Tuesday, January 18, 2011

Four Questions for Democrats on Pre-Existing Conditions

The Administration today released a “report” claiming that up to 129 million Americans “could be denied affordable coverage” if the health care law is repealed.  Advocates of the law, if they wish to assert that hundreds of millions of Americans could be denied coverage due to a pre-existing condition, should answer these four related questions:

  1. How can new benefits be provided to up to 82 million working Americans without raising premiums?   The report claims that the health care law provides new benefits to 32 million to 82 million individuals with employer-based coverage, by eliminating annual and lifetime limits and imposing other new mandates on employer plans.  Yet the Administration claims that such benefits will only raise premiums 1 to 2 percent.  Attempting to claim the law will benefit 82 million Americans while raising premiums only modestly is attempting to have both sides of the political argument.
  2. If 129 million Americans have pre-existing conditions, why have only 8,000 applied for coverage under the law’s new high-risk pools?   The Washington Post reported last month that the latest figures indicate only 8,000 individuals with pre-existing conditions have applied for coverage under the new high-risk pools created by the health care law.  If anything like the number of individuals claimed in the HHS report applied for high-risk pool coverage, the $5 billion in spending allocated to the program between now and 2014 would quickly be exhausted.  Again, the Administration can’t have it both ways – trying to claim that 129 million Americans with pre-existing conditions will benefit from the law, while only .006% of these individuals have actually benefited from the high-risk pool program thus far.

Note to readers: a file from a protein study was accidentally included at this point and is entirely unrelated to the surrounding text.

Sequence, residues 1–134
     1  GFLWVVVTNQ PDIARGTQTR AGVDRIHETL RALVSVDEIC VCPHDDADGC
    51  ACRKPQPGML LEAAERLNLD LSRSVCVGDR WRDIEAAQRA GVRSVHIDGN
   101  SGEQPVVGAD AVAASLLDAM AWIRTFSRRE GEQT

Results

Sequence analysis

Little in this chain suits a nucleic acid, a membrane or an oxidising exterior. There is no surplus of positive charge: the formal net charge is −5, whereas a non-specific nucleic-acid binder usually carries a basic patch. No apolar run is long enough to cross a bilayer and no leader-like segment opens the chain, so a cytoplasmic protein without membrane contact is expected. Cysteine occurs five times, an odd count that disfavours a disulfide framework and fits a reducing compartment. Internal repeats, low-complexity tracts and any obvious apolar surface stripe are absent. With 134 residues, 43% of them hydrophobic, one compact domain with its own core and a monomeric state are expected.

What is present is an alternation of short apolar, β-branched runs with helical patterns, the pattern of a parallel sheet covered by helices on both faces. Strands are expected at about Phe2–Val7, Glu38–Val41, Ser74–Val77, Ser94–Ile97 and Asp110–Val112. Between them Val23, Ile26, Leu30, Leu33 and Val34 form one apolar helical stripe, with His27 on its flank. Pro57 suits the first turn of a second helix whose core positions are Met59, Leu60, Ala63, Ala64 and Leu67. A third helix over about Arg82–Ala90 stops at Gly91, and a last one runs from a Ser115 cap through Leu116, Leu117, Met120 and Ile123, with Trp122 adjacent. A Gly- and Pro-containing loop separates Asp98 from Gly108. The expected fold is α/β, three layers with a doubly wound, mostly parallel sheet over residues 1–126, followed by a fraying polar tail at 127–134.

3. How many children with pre-existing conditions have been unable to purchase coverage because the law has resulted in insurers dropping child-only health insurance plans?  Multiple press reports have indicated that insurance carriers in many states have decided to stop selling child-only insurance plans, due to the way in which the law’s insurance mandates and regulations have been implemented.  This ominous development could portend additional difficulties for individuals with pre-existing conditions who attempt to obtain coverage in 2014, when the individual mandate and related coverage expansions take effect.
  4. If “consumer protections” for individuals under age 65 with preexisting conditions are so positive, why are senior citizens exempt from the supposed benefits?  The Wall Street Journal and other outlets have reported that Medigap supplemental insurance policies remain exempt from the law’s new ban on pre-existing condition discrimination, such that AARP can continue to impose waiting periods for sick individuals seeking to buy its policies.  Those who support the law’s pre-existing condition provisions should explain why the law exempts Medigap plans – which AARP, a key Democrat ally, just happens to sell in large quantities – sold to seniors from those “protections.”